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The first merger of large urban municipalities in Finland took place in the Oulu region, as five municipalities in the region were set to merge as of the beginning of 2013.

The New municipality is called Oulu, and it is the fifth largest city in Finland, with the number of residents totalling 190,891 (as of 1 January 2013).

The new Oulu – a city by the sea and with three rivers – has shown that it is both willing and able to cooperate with others.

  • The new Oulu is the operational and economic hub of Northern Finland.
  • The economic success of the core urban region has a great impact for a geographically large area, both nationally and internationally, e.g. within the context of northern Scandinavia and the Barents region.
  • The current vision is for Oulu to act as the successful centre of a northern network of partners.
  • In order for the vision to be realised, Oulu must have the courage to stand out and specialise, relying on its strengths and international cooperation.
  • The merger of Haukipudas, Kiiminki, Oulu, Oulunsalo and Yli-Ii will strengthen the income base and viability of the new Oulu, as development efforts are focused on the business sector.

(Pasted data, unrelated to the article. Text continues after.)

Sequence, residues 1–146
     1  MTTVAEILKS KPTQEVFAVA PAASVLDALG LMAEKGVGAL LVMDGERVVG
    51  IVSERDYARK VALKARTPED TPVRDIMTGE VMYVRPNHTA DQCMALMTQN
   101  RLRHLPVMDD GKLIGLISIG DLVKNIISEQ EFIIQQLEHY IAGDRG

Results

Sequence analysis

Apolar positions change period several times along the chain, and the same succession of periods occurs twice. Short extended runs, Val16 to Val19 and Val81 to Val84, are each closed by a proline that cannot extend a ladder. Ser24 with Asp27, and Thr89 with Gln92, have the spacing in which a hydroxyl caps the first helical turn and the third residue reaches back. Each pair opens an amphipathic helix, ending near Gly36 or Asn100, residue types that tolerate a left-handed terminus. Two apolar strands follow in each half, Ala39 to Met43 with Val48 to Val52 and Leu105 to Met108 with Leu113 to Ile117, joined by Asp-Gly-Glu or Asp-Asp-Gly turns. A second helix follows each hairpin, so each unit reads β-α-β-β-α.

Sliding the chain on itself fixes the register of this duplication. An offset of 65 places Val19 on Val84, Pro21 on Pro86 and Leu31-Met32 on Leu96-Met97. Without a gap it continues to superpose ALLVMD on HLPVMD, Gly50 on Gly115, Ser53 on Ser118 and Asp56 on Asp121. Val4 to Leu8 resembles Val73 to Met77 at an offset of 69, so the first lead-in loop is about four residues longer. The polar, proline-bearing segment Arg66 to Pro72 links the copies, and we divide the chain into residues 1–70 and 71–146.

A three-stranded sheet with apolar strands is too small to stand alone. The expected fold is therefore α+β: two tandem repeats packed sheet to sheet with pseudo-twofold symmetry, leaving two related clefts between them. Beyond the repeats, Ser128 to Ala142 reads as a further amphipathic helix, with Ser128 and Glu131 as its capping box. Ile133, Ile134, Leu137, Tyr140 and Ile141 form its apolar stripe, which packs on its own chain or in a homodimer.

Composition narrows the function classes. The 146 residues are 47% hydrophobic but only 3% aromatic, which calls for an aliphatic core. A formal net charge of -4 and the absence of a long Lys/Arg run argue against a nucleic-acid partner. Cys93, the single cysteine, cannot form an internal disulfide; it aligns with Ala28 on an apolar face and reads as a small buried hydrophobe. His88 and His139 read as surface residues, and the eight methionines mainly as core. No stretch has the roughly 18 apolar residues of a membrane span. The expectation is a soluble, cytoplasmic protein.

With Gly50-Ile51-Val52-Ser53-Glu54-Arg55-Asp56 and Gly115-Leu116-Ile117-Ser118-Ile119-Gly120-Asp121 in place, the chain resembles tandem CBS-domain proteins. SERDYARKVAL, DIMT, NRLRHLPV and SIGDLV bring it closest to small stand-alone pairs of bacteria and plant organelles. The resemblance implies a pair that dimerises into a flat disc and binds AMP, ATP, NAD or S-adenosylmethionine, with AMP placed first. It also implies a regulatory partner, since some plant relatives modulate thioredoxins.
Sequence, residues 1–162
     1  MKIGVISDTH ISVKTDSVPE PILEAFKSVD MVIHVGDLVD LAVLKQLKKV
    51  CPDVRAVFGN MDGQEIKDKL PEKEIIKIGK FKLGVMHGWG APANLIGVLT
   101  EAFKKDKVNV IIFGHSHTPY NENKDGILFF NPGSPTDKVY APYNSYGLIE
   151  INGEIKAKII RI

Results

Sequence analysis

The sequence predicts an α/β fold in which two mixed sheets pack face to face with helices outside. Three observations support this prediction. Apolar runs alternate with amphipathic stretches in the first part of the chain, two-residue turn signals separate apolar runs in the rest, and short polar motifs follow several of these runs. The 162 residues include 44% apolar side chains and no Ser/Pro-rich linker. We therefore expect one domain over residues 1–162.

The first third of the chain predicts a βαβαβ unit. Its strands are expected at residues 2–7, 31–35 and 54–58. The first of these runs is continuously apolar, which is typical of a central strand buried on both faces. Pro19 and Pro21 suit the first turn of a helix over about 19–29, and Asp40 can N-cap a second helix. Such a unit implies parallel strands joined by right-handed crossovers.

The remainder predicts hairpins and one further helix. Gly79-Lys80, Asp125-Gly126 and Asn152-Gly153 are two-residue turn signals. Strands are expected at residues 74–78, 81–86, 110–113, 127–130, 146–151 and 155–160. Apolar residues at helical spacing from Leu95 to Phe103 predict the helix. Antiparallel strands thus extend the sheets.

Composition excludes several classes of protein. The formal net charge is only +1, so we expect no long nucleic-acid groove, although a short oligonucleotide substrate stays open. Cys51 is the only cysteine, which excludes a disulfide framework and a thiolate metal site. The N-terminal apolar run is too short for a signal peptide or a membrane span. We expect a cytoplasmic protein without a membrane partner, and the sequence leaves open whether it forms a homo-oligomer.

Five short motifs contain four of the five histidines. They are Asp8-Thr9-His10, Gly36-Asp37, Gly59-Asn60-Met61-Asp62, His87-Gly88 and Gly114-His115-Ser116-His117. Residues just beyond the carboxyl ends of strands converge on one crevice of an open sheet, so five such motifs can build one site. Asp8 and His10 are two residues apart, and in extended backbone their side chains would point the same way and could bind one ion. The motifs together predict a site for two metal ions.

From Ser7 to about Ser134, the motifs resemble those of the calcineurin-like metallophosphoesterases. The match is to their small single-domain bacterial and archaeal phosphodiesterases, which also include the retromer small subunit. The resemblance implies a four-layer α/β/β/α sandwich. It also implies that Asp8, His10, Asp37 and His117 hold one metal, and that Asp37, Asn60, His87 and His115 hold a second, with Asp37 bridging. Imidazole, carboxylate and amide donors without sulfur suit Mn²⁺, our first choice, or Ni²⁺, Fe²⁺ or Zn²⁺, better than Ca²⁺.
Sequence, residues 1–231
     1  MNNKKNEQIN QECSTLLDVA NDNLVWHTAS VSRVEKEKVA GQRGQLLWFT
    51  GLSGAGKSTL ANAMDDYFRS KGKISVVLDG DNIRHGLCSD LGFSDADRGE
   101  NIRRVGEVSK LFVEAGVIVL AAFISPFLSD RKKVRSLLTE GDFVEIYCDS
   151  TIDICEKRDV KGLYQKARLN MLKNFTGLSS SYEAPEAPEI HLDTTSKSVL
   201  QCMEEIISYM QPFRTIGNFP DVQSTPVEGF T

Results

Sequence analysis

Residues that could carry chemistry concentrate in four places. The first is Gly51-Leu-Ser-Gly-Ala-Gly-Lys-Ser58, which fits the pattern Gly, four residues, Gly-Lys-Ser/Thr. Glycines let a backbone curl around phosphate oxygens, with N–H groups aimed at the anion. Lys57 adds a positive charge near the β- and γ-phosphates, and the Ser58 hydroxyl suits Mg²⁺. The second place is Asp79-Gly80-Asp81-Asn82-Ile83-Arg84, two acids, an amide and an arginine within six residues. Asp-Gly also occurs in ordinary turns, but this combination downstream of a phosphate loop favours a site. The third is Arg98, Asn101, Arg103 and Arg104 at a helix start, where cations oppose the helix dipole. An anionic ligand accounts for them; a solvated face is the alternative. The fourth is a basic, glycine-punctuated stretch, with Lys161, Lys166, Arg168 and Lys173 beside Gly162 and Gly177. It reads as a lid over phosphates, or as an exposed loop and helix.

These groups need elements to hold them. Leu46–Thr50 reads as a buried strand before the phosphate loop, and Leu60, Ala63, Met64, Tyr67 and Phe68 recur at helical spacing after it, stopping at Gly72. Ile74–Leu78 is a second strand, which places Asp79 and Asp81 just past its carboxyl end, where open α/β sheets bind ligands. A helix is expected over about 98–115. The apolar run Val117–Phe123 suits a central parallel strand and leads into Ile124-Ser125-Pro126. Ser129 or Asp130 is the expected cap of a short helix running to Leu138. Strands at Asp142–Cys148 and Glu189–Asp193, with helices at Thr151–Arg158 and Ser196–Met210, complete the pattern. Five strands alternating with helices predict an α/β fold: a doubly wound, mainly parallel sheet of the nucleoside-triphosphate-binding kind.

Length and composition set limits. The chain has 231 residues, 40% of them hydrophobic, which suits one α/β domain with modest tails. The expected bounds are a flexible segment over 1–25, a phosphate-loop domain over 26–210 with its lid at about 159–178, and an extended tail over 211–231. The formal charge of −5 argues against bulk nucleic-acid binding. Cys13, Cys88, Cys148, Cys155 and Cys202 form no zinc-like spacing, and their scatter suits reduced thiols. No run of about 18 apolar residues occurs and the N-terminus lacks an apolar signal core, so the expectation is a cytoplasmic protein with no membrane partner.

• Expenditure can be curbed by efficient and correctly targeted municipal service provision, which will have more resources available thanks to the merger.
  • As of 2013, the new Oulu is the first region in Finland where the new Act on Local Authority Boundaries of 2009 will be applied.
  • According to Arto Koski, Advisor on Municipal Restructuring, the new Oulu model will serve as a pioneer of municipal mergers that other Finnish municipalities may use as an example.
  • A strategic multi-municipal merger:
  • contributes to a more uniform community structure in the region impacts transportation needs has an effect on regional competitiveness and vitality, service supply and helps curb climate change.
  • Even though the new Oulu will formally and legally come into being on 1 January 2013 and the old municipalities will cease to exist, the history of the municipalities taking part in the merger will remain unchanged, and local history will not be rewritten.
  • The new administrative boundaries will not change people's sense of local identity.